The sequences that focus on Here‘s living room in the new book afforded McGuire the opportunity to position the corner of his room in the gutter, so that the lush page spreads, which, squared-off as they are, give the impression of collage work, dressed in penciled-over photographs. But this is how Here was built: A recent exhibit, riveting although spare and fittingly relegated to a small room within the Morgan Library and Museum in New York City, displayed sketches, mocked-up pages, scraps of textiles that the artist would later use to emulate garish wallpaper patterns, and photos from miscellaneous time periods (See writer Josh Kopin here). McGuire talked about the image research he was doing during a 2012 panel discussion at Brooklyn’s Knitting Factory with Spiegelman and Chris Ware, and explained that he’d returned to his 1989-era comic strip idea for the purposes of building-out a book that would be based on the history of the New Jersey home where he grew up. I’d argue that the story behind the story is one of the more compelling aspects of Here — McGuire having sensed that there was still work to be done with his decades-old idea; the ambitious and seemingly insurmountable challenge of producing a new, full-length project from its six pages. Sadly, the Pantheon volume is completely bereft of this context, and if the print edition falls short at all (an e-book version will reportedly offer a more interactive experience), it’s in the absence of these salient background details. At the moment, I can’t think of another book that is more deserving of a supplementary introductory essay, or at least inclusive of a reproduction of the source material. Slotting the strip that housed McGuire’s original concept alongside this new work would do wonders toward illuminating the path that got him here.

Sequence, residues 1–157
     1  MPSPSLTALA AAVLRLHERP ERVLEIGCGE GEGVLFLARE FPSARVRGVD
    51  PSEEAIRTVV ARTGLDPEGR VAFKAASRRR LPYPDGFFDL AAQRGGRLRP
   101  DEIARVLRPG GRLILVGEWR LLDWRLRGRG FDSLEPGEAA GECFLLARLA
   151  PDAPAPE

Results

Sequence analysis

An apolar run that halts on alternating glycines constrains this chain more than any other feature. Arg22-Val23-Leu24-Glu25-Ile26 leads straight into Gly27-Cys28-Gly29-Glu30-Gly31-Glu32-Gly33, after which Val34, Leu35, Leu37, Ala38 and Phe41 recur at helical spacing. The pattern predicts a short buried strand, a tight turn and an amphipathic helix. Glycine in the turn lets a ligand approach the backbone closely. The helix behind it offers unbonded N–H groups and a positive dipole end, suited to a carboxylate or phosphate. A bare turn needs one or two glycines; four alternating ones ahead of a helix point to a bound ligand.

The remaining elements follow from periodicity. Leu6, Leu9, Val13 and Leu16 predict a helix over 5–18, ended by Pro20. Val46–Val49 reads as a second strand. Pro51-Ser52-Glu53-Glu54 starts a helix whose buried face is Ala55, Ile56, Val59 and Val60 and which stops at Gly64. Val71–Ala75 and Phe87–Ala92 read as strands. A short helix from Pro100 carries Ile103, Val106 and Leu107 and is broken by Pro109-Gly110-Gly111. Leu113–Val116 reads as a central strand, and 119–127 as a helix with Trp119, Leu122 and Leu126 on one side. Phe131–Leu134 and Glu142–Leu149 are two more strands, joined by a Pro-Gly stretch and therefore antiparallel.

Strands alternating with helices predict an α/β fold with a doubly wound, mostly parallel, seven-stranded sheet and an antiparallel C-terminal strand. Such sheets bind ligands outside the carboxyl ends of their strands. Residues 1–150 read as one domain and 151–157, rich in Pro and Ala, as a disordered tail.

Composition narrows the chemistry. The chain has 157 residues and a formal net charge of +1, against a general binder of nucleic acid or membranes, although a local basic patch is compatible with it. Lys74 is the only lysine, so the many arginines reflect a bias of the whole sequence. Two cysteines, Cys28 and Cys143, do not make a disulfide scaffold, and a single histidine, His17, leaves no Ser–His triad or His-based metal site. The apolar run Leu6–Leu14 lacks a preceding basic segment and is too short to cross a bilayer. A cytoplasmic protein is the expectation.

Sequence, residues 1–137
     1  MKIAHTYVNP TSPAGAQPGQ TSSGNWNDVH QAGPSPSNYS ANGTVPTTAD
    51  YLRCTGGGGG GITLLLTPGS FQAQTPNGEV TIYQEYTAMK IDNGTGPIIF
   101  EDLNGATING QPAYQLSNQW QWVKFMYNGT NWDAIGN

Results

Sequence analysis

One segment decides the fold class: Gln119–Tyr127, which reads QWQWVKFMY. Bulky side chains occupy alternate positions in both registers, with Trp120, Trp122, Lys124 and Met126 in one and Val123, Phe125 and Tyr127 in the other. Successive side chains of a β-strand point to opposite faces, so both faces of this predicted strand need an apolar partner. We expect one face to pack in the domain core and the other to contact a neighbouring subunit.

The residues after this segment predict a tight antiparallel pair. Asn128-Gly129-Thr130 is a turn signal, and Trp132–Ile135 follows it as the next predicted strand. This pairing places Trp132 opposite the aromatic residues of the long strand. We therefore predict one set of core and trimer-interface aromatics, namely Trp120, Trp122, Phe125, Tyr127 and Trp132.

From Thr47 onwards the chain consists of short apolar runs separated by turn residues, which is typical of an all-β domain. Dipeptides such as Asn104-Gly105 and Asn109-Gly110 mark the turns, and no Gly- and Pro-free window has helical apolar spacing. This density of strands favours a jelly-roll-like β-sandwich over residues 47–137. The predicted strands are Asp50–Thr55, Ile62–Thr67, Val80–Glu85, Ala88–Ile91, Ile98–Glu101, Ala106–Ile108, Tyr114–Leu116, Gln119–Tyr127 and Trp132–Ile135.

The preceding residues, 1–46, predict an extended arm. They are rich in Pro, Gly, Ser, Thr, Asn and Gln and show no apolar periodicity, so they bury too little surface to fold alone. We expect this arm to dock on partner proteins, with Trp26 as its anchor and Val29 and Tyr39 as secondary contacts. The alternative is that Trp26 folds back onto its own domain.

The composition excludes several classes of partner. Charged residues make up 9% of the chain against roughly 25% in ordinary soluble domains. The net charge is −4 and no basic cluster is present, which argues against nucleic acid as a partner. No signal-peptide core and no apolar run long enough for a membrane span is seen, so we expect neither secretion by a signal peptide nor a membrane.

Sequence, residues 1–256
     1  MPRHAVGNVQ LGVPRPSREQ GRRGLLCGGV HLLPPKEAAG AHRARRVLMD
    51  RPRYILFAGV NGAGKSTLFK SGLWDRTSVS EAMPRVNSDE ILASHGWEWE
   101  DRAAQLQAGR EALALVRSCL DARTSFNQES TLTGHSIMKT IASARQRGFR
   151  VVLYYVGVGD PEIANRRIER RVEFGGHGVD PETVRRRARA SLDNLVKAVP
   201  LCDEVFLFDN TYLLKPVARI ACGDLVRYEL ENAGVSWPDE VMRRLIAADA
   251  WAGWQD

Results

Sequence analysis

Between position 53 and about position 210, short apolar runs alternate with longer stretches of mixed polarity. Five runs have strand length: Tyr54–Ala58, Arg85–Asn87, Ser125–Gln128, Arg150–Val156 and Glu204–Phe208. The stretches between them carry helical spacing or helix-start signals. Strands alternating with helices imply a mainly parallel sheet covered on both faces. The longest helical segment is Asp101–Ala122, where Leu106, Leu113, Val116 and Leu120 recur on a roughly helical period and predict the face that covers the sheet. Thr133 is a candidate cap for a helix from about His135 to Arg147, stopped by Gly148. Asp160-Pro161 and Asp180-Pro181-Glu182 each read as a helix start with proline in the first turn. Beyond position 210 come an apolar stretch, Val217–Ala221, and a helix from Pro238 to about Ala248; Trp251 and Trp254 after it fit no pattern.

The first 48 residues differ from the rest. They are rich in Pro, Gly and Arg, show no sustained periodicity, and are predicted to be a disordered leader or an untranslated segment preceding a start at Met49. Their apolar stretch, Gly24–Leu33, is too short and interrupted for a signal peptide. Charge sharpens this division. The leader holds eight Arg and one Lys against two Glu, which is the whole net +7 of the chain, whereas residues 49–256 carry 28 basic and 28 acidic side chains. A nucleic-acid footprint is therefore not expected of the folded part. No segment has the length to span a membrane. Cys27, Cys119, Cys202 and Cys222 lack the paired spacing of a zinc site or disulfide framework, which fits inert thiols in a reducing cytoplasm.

At the Morgan Museum exhibit, a computer-colored guide or two with rough pasted-in photo cut-outs offered one such peek at McGuire’s meticulous process, some insight on an endeavor that, according to Steven Heller at The Atlantic, launched around 15 years ago and was soon after tucked away when bigger priorities took hold.
“Going back into the project again was tricky,” the 56-year old artist tells Heller. “I felt it had to be similar to the original version but in a new way. I didn’t want to mimic that first approach, I never thought I would merely be adding pages to the original. This was to be a re-invention.”
More space in McGuire’s “re-invention” allowed for bigger chunks of a variety of stray stories to be worked into Here. Some of the sentiments are brief, but they’re memorable and executed wonderfully — the despondent woman from the original strip, alone and tending to housework; a girl being chased by a bird across a two-page spread, with all the flailing and stumbling taking place within slim vertical boxes that act as clear glass panes, so the background remains orderly and undisturbed; a pack of laborers building the house in 1907. New concepts lend a bit of narrative weight, such as the researchers from the “Archaeological Society” who show up to announce that the land is of historic significance. Having been led back in time to the 1600s by McGuire, who carefully directs us out to a forest clearing for a look at the region’s Native American settlers pages earlier, the reader already knows as much.
RAW cover image © 1989 Raw Books & Graphics. “Here” original strip © 1989 Raw Books & Graphics. Here image © 2014 Richard McGuire. Photography of Here © 2014 Dominic Umile.